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Jason Fry and Greg Prince
Faith and Fear in Flushing made its debut on Feb. 16, 2005, the brainchild of two longtime friends and lifelong Met fans.

Greg Prince discovered the Mets when he was 6, during the magical summer of 1969. He is a Long Island-based writer, editor and communications consultant. Contact him here.

Jason Fry is a Brooklyn writer whose first memories include his mom leaping up and down cheering for Rusty Staub. Check out his other writing here.

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A Cup -- A Plastic Cup

Hey, neat?

Tomorrow night, according to the periodic table of elements better known as the Citi Field Seating & Pricing Chart, is a Bronze game on the Mets’ home schedule. Tickets are priced from $15 in Promenade Reserved to $460 in Delta Club Platinum (Delta Club Platinum is, of course, the finest faucet money can buy). The $445 range encompasses 41 different seating levels, some more Terrific than others. You can spend $112 to get high on Baseline Box Gold, roam to Caesars Club Silver for $96 or just go with something that actually sounds like a seating section in a ballpark, like Left Field Reserved, for $40. Your choice.

What will you get for between $15 and $460 Friday night? You’ll get the Mets playing the Giants, Mike Pelfrey (shoulder tightness willing) versus Jonathan Sanchez, a matchup of a team that’s been on a bit of a roll — a 7-2 spurt has elevated San Fran into first place — posing a challenge to our boys who have cooled down since their last historically hot homestand. Depending on how much you value baseball, it’s a perfectly attractive game and you are, by all means, encouraged to consider purchasing whichever ticket fits your desires and/or budget.

Also, if you buy a ticket and enter among the first 25,000 ticketholders, you will receive a cup. A plastic cup. A cup with a picture of Johan Santana, one of the Mets logos and the words LET’S GO METS. It is “presented” by the company that makes the sausages sold at Citi Field, so I suspect the company’s trademark will appear, too.

You may want a cup that features those characteristics. You might say, “Hey, neat!” Johan Santana is still, recent unnerving drop in velocity notwithstanding, a pretty popular guy with Mets fans, and the whole notion of LET’S GO METS presumably continues to maintain resonance with the same audience. I personally don’t give a damn about the company that makes the sausages, but you know the old saying: There’s two things in this world you never want to let people see how you make ’em — laws and the Mets’ promotional schedule.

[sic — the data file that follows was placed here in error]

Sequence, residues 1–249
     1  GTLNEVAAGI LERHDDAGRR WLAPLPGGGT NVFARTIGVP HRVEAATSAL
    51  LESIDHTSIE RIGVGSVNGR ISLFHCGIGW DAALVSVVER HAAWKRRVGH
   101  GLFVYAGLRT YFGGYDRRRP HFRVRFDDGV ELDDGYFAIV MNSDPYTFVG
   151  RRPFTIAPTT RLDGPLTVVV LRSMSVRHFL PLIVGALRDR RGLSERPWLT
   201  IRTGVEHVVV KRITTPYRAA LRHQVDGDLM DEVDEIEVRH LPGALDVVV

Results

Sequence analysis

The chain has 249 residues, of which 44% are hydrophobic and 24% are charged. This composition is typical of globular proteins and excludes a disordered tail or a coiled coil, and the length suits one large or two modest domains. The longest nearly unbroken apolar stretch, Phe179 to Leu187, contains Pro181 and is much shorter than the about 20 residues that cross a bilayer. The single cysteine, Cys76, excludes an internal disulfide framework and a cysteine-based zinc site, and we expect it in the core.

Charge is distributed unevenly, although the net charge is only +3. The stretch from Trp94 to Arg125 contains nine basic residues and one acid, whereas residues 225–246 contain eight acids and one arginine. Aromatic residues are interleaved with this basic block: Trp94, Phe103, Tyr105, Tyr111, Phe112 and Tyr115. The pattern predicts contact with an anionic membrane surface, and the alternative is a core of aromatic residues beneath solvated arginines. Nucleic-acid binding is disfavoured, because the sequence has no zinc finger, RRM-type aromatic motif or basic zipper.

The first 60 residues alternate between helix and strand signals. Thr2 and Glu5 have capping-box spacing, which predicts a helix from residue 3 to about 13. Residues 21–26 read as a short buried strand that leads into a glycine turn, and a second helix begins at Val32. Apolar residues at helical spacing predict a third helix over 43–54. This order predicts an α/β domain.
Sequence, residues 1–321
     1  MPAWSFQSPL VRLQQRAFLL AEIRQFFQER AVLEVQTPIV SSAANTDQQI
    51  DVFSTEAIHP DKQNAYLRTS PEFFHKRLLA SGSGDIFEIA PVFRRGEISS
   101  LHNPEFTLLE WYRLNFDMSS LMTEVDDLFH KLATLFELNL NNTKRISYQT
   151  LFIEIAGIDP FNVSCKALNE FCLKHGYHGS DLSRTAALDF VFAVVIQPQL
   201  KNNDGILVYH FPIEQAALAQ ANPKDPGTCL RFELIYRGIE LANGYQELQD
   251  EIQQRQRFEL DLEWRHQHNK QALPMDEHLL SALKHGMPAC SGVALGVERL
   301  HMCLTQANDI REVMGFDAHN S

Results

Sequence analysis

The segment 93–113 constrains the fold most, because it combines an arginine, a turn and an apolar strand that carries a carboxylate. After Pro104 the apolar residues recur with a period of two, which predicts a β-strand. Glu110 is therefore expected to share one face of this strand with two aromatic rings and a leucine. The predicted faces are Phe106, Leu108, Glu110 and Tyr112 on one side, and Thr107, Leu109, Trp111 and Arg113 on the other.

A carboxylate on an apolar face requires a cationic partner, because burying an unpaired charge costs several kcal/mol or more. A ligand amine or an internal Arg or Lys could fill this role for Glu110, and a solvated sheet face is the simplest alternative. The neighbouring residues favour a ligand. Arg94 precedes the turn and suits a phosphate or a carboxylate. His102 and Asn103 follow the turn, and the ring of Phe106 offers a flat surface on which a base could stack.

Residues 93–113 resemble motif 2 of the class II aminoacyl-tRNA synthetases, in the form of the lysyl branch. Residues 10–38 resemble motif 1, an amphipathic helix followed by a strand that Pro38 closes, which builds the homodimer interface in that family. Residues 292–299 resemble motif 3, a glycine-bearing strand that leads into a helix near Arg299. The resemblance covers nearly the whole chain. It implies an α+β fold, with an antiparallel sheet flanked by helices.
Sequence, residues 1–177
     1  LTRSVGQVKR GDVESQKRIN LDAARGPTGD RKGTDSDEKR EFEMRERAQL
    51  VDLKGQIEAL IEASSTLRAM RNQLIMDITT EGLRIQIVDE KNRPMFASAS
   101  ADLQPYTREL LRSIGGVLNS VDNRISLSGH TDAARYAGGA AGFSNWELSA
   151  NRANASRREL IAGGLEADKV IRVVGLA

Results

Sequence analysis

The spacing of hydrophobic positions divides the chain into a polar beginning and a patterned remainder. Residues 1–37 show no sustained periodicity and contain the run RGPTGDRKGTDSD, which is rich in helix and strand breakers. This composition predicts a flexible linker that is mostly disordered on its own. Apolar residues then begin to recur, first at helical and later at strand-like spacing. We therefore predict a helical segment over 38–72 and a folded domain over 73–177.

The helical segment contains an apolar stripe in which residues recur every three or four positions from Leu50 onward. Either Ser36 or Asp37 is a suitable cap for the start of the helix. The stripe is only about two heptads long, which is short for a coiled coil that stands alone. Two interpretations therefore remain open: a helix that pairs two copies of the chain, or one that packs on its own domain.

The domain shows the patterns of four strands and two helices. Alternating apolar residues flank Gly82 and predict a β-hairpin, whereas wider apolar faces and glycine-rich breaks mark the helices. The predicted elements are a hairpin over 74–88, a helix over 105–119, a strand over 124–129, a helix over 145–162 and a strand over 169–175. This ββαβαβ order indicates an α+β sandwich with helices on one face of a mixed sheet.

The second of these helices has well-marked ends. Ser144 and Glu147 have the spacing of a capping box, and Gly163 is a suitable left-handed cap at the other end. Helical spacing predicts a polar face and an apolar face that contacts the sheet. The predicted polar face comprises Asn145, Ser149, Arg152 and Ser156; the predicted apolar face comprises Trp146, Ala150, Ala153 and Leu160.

You may want that cup when you come face to face with it. When you’ve paid between $15 and $460 for that ticket and then attempted to self-scan it five or six times before the scanner beeps and you are permitted to pass through the Kozy Shack turnstiles (after you and your belongings have been searched, patted down and wanded), you may be wordlessly handed that cup and indeed say, “Hey, neat!” Or you may say, “Oh.” Or you may say nothing. Again, your call.

What I’m guessing you won’t say is, “Oh boy, a plastic cup! This was that little extra bonus that attracted me to the stadium tonight.”

I don’t think you’re gonna say that at all. Even if it’s a most handsome cup, I don’t think a single ticket buyer will have been moved to dig deep because of a plastic cup. Even if it’s got Johan Santana’s picture. Even if it says LET’S GO METS. Even if you’re a fan of the sausage company.

You know what this particular promotion is billed as? Collector’s Cup Night. That implies there is an active effort underway among Mets fans to collect plastic cups. That there are vibrant, growing plastic cup collections all about Metsopotamia. That there is something to collecting plastic cups beyond not throwing them into the trash or leaving them under your seat.

I have, mere feet from where I type, probably a dozen different plastic cups featuring the Mets logo and a complementary design highlighting a given year’s star players or marketing slogan. They come from disparate and sometimes desperate Mets seasons. They came with a Diet Pepsi, most likely. Elsewhere in the Prince household, there are more Mets cups of that nature. Some predate Pepsi’s Mets sponsorship and came with a Diet Coke, maybe even a Diet Rite if we reach back far enough. I like to display them here and there. I don’t like to throw them away. When my wife decided to indulge her latent green thumb a few months ago, she asked if she could use one of them to pot a plant. Sure, I said, we have plenty of them. After a fashion, they are not really fit to drink from anyway, so you might as well fill one of them with dirt and seeds and hope for the best.